Column: Buffalo vs. Army is the game of the week!

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Army quarterback Kelvin Hopkins Jr. gets hit by Oklahoma defensive lineman Kenneth Mann while passing during a game in Norman, Oklahoma. (Ian Maule/Tulsa World via AP)

I didn’t quite spend all of Saturday watching an unhealthy amount of college football, I spent it in the stuffy, surreal excuse for a football field that is the Carrier Dome watching UConn get mashed up by Syracuse.

I did, however, sink my teeth deep into the advanced box scores and the highlights afterward to give you, dear reader, an update on the world of college football. Here are the three most notable results from this weekend:

Army 21, Oklahoma 28

If you were actually able to watch this game last weekend, congrats! You were lucky enough to either have paid $54.99 for the privilege to watch Oklahoma as a 30-plus point favorite over The Troops, or you logged on to a shady Twitch stream with alternate commentary provided by a man with a very heavy Oklahoma accent.

That’s because this game was broadcast exclusively on pay-per-view: each team in the Big 12 gets to sell one non-conference game a season to the highest bidder (this is the result of Texas getting their own television network).

Oklahoma’s distributor for this game just happens to use the same format used only by MMA and boxing – professional wrestling doesn’t even use it anymore!

It’s a real shame, because this was certainly one of the more entertaining games this year so far. Army slowed the game down to a veritable crawl with their weird, wonderful pseudo-flexbone option, controlling the ball with 44 minutes of total possession and scoring on drives of 8:54, 9:31 (!) and 10:47 (!!) in length.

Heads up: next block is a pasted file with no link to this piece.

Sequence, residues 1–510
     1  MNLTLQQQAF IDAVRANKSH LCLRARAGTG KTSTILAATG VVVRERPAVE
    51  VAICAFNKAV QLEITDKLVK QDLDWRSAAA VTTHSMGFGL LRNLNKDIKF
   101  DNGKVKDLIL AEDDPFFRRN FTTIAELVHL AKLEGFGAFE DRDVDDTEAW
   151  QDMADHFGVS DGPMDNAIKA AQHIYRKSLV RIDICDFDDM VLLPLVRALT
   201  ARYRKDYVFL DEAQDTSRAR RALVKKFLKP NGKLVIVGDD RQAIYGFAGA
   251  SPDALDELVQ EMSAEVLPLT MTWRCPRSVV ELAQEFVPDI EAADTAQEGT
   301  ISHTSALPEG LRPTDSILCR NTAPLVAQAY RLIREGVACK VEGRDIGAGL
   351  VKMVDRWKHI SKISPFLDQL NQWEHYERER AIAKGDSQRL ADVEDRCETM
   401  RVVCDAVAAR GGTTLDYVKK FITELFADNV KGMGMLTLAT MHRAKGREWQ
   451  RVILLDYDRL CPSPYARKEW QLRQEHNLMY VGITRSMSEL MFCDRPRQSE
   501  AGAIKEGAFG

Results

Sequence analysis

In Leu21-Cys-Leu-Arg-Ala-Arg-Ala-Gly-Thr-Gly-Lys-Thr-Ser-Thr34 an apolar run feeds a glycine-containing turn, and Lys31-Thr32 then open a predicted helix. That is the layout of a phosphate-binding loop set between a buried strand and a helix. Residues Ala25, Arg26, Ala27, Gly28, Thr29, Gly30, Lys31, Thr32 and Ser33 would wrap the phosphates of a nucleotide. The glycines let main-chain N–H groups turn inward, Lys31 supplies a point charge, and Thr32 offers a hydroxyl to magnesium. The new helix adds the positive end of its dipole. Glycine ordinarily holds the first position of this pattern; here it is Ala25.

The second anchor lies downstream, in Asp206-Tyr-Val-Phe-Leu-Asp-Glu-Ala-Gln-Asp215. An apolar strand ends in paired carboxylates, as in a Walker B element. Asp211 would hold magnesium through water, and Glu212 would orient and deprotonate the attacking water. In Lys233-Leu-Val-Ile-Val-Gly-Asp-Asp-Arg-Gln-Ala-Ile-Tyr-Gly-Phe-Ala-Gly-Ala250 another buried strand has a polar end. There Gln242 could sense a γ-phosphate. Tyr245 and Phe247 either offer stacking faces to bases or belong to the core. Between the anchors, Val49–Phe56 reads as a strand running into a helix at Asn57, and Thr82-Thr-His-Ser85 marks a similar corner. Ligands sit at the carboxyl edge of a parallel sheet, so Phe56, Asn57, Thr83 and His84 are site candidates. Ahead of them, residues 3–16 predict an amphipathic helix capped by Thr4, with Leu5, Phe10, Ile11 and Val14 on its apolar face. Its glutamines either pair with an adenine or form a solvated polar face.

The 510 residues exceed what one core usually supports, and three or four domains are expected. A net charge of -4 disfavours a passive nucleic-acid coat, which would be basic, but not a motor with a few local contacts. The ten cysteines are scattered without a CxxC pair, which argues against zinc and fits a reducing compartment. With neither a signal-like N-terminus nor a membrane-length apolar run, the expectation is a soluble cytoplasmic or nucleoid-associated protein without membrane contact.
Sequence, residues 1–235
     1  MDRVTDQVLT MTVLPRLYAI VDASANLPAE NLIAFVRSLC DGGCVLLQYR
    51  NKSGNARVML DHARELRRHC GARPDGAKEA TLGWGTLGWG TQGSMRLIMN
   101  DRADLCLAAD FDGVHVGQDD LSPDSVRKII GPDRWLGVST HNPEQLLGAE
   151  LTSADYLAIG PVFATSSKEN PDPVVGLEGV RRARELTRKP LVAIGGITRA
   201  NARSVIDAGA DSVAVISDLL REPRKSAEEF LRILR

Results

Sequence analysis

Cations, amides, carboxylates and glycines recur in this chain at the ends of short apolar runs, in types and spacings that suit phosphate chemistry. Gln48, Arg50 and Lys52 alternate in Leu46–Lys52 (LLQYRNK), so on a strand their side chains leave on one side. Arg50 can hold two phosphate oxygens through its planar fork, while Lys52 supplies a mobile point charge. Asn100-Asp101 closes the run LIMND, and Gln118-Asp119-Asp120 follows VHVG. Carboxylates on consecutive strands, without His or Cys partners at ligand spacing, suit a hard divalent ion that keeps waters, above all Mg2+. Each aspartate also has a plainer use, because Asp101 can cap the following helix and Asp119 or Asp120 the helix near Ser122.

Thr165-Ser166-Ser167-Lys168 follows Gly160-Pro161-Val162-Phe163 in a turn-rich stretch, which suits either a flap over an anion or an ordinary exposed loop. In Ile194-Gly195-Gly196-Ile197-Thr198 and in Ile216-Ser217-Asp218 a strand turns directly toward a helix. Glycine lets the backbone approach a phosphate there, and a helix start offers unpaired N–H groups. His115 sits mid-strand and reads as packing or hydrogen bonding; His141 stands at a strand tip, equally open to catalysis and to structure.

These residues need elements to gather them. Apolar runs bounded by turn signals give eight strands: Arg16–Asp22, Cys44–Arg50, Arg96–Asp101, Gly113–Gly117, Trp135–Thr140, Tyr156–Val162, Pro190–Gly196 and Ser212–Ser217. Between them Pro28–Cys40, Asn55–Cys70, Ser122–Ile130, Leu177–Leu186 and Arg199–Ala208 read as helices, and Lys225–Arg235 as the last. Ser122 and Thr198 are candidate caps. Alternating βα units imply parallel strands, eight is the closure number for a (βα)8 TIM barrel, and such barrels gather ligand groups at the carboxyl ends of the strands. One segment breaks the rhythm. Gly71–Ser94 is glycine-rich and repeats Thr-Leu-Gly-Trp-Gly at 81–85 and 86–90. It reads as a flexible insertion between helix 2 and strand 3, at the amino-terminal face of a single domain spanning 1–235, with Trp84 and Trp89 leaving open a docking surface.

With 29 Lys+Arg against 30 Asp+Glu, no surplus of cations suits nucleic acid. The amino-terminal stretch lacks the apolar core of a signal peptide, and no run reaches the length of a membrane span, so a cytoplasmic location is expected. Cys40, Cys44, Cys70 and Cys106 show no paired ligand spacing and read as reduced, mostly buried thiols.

They almost scored again on a 10:06 minute long drive at the end of the game, but got bit on the behind when they strayed from their roots and attempted their eighth pass of the game, which was intercepted to send the game to overtime, where Oklahoma would eventually win.

Stanford 38, Oregon 31

This game was an absolute masterstroke performance for Oregon quarterback Justin Herbert, who completed 25 of 28 passes in regulation for 331 yards, the Ducks offensive line pushed Stanford around in a manner that Stanford is used to doing to other teams.

This will only be remembered, however, for one of the most backbreaking sequences for any team so far this year. In the third quarter, the Ducks had a touchdown taken off the board by instant replay that would have put them up 30-7, and Stanford took a fumble recovery to the house not three plays later to make the actual score 24-14.

Then in the overtime period, Stanford quarterback KJ Costello had a touchdown pass tipped, only to land directly in the arms of his waiting receiver. When Oregon got the ball, Herbert had almost an identical pass also tipped, but this one was an interception. Nobody ever said football was fair.

Mississippi State 7, Kentucky 21